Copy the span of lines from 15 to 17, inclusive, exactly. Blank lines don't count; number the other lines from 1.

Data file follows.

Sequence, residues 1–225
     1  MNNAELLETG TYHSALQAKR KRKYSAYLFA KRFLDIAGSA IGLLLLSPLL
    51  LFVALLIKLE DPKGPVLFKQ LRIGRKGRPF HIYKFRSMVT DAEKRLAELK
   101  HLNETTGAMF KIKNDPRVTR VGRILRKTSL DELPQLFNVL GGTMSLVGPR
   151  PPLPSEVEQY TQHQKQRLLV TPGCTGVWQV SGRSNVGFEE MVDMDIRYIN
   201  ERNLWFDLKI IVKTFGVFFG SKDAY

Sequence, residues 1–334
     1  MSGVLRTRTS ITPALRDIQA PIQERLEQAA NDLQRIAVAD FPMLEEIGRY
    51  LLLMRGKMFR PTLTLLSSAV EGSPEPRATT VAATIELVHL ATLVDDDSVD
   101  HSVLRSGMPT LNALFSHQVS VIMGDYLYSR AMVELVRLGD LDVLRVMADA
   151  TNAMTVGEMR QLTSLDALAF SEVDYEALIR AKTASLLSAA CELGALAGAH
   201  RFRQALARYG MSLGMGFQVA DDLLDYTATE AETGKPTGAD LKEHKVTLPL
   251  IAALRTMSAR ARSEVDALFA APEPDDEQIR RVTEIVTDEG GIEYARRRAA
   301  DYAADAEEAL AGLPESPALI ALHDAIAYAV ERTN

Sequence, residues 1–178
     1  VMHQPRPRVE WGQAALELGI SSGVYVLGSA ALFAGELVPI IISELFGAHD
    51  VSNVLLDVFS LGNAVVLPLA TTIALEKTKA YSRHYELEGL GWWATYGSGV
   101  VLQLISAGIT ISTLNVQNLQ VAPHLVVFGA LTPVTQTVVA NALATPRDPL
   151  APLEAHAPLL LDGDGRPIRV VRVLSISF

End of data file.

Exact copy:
Sequence, residues 1–178
     1  VMHQPRPRVE WGQAALELGI SSGVYVLGSA ALFAGELVPI IISELFGAHD
    51  VSNVLLDVFS LGNAVVLPLA TTIALEKTKA YSRHYELEGL GWWATYGSGV